At Least 34 Killed in Somalia Car Bombing

At Least 34 Killed in Somalia Car Bombing

Somalia’s capital, Mogadishu, faced a devastating attack on Feb. 19.

A car blew up in Mogadishu’s southern district, Madina, killing at least 34 people. The bomb injured approximately 50 others. This was the first major attack in the city since the country elected President Mohamed Abdullahi earlier in the month.

Witnesses explained the event as a chaotic tragedy.

Abdulle Omar said he was in his shop when the care appeared at the intersection and exploded.

“I saw more than 20 people lying on the ground,” he said. “Most of them were dead and the market was totally destroyed.”

Although nobody claimed responsibility for the attack, many believe that al-Shabab, a rampant militant group, caused the explosion. This belief stems from Sheikh Hassan Yaqub, a senior commander of the militant group, vowing Saturday to target President Abdullahi supporters. He described the president’s supporters as evil-minded and said the militant group will likely attack them.

Rather than giving into the threat, President Abdullahi said Somalis should unite against the militant group. As part of condemning al-Shabab, the president visited some of the attack victims and offered $100,000 to anyone with information that could help capture the militants responsible.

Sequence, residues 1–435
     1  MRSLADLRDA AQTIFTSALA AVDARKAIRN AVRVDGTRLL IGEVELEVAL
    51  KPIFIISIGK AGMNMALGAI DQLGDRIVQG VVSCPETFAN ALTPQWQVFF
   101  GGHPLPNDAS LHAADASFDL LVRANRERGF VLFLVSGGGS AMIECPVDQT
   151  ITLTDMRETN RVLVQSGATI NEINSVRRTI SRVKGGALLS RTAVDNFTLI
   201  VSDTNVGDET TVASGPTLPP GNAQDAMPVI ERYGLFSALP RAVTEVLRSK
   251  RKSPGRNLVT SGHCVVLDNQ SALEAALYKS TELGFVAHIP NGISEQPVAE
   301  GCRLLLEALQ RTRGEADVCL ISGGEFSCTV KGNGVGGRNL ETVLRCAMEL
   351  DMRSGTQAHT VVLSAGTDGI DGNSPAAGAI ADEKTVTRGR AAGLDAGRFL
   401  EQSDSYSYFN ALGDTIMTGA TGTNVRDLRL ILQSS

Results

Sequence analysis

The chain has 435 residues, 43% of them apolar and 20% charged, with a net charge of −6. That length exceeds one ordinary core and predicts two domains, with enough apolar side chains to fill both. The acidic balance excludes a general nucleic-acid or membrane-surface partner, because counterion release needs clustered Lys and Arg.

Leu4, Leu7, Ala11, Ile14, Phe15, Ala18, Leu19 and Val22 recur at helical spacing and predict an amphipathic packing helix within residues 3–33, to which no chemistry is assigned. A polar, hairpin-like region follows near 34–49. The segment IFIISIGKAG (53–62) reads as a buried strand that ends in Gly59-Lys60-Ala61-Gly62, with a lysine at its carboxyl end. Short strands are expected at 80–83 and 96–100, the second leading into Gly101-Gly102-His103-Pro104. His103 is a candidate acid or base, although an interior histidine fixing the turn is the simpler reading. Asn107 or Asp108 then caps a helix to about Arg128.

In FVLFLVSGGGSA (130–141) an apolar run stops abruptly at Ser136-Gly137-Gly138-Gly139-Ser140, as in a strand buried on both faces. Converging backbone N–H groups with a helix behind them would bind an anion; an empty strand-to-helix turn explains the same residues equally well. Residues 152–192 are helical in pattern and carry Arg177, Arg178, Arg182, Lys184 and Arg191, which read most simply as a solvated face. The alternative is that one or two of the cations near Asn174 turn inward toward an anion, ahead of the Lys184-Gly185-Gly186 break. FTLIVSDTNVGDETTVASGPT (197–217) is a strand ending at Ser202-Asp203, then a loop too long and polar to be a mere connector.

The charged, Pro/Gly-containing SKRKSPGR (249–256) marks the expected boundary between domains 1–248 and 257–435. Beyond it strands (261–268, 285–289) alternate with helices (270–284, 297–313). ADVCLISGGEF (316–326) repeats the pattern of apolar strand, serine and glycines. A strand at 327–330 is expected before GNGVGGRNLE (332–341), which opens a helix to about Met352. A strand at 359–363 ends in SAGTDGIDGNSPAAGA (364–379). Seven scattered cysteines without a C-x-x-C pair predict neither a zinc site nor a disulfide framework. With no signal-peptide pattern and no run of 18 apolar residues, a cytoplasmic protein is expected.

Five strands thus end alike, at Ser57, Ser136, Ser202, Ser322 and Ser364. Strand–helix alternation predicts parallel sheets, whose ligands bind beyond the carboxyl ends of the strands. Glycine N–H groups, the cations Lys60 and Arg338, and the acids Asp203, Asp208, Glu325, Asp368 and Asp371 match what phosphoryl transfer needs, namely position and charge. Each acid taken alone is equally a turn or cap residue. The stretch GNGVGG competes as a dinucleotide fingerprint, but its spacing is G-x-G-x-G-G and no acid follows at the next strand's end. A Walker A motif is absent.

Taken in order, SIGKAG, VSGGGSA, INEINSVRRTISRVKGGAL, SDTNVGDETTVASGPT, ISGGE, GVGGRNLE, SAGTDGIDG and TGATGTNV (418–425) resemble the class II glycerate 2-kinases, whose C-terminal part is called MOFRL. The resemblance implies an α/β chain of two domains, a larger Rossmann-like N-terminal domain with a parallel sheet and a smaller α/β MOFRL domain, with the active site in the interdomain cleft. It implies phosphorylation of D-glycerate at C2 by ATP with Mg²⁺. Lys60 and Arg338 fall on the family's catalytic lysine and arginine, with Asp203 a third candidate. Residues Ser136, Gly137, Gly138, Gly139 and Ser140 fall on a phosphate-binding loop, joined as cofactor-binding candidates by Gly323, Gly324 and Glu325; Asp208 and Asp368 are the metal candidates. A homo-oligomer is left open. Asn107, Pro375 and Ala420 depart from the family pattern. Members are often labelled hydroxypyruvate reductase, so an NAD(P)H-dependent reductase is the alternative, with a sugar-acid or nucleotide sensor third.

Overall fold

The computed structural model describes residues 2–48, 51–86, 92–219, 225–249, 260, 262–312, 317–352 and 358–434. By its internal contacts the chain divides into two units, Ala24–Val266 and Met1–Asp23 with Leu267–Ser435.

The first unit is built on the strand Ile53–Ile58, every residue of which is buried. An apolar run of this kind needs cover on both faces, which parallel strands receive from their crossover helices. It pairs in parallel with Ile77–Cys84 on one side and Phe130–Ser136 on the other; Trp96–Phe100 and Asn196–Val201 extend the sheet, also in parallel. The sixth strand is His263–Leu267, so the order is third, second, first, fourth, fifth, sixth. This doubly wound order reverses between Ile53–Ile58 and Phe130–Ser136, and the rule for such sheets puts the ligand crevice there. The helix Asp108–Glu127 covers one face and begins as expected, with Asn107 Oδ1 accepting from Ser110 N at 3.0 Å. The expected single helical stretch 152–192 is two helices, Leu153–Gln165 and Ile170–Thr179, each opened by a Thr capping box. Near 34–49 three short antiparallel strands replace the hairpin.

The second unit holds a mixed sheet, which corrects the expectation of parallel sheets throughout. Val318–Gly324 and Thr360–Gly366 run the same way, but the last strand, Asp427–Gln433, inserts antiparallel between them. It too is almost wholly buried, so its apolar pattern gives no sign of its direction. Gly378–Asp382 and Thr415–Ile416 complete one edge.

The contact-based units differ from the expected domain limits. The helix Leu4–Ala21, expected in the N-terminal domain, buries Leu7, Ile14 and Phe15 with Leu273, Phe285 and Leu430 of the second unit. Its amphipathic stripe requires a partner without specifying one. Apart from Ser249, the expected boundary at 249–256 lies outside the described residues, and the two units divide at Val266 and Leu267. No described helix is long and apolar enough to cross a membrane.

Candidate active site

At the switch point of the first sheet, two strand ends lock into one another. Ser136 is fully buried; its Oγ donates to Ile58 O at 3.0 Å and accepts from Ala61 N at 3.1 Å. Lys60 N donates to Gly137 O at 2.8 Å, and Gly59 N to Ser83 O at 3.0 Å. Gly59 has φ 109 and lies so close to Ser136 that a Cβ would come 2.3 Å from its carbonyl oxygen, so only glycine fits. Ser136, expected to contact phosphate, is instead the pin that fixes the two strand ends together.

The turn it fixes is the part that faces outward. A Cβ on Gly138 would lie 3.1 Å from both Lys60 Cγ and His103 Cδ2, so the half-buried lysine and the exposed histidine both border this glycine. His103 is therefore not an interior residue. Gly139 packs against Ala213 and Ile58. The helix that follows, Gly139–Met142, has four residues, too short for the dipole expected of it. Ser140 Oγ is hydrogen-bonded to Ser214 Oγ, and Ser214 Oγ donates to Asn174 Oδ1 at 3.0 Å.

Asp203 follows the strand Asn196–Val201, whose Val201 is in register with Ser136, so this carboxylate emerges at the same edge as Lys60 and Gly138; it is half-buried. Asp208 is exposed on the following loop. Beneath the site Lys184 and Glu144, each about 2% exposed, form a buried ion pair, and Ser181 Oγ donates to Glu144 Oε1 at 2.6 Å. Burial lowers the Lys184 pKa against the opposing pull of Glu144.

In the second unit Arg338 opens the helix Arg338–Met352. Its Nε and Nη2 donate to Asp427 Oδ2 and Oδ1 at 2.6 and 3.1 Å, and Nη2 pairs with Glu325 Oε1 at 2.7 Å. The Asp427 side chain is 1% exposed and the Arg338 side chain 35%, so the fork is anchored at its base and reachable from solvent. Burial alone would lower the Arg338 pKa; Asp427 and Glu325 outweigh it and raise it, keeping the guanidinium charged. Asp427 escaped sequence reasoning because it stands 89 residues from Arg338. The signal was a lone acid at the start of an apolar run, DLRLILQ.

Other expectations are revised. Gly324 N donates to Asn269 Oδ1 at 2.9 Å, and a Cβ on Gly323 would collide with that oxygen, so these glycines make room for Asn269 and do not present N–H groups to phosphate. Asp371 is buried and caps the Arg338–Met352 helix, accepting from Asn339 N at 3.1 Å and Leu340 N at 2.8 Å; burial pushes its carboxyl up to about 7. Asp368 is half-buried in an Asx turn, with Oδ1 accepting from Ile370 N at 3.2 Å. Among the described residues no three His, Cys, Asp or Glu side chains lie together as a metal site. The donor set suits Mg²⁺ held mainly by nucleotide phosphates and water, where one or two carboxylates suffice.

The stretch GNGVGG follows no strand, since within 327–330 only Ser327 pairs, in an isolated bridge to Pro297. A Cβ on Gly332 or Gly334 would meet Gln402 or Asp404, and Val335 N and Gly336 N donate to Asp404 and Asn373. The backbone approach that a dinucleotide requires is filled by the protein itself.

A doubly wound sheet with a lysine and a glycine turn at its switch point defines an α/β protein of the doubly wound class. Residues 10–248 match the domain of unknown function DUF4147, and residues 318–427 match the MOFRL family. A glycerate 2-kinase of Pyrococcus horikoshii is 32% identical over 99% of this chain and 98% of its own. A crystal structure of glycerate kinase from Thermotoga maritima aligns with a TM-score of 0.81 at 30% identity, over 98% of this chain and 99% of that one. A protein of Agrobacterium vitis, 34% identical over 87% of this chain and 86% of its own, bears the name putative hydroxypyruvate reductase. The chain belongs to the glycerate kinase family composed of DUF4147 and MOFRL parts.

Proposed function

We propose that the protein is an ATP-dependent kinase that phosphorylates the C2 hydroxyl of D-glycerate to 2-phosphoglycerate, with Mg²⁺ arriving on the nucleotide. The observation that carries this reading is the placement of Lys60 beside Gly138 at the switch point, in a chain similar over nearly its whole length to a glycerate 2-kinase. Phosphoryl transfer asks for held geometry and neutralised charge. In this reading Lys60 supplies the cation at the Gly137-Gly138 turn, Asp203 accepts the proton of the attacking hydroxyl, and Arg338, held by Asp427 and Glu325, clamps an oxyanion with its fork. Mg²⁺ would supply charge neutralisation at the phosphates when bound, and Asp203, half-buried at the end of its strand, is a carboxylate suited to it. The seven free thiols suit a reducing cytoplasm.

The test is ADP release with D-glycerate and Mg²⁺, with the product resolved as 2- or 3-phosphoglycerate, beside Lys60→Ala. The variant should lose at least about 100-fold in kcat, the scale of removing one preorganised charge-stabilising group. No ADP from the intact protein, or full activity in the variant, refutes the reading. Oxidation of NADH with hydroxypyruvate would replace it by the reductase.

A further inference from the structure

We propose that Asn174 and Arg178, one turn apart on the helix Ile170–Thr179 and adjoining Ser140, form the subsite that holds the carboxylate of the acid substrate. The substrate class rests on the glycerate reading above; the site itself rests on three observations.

“It was a horrific and barbaric attack only aimed at killing civilians,” he said.

While many victims died in the explosion, officials say some died of extensive injuries. One ambulance driver told the Associated Press that many victims had third-degree burns. The catastrophe burned others so badly they were no longer recognizable.

What is al-Shabab?

Al-Shabab is responsible for numerous attacks in the region, including a bomb last month that killed 28 people at the Dayah Hotel.

The group emerged in the early 2000s and is mostly comprised of radical young adults. Affiliates believe in the Wahhabi version of Islam, a religious sect that conforms to ultraconservative and radical Islamic-related beliefs. Officials believe the group holds between 7,000 and 9,000 members.

Although the militants lost much of their control throughout Africa, namely Somalia and Kenya, they still have control in rural towns. The leader, Ahmad Umar, suffers from a weakening military basis, but still plans suicide attacks in the region. The United States offers a $6 million reward for anyone who has information leading to his capture.

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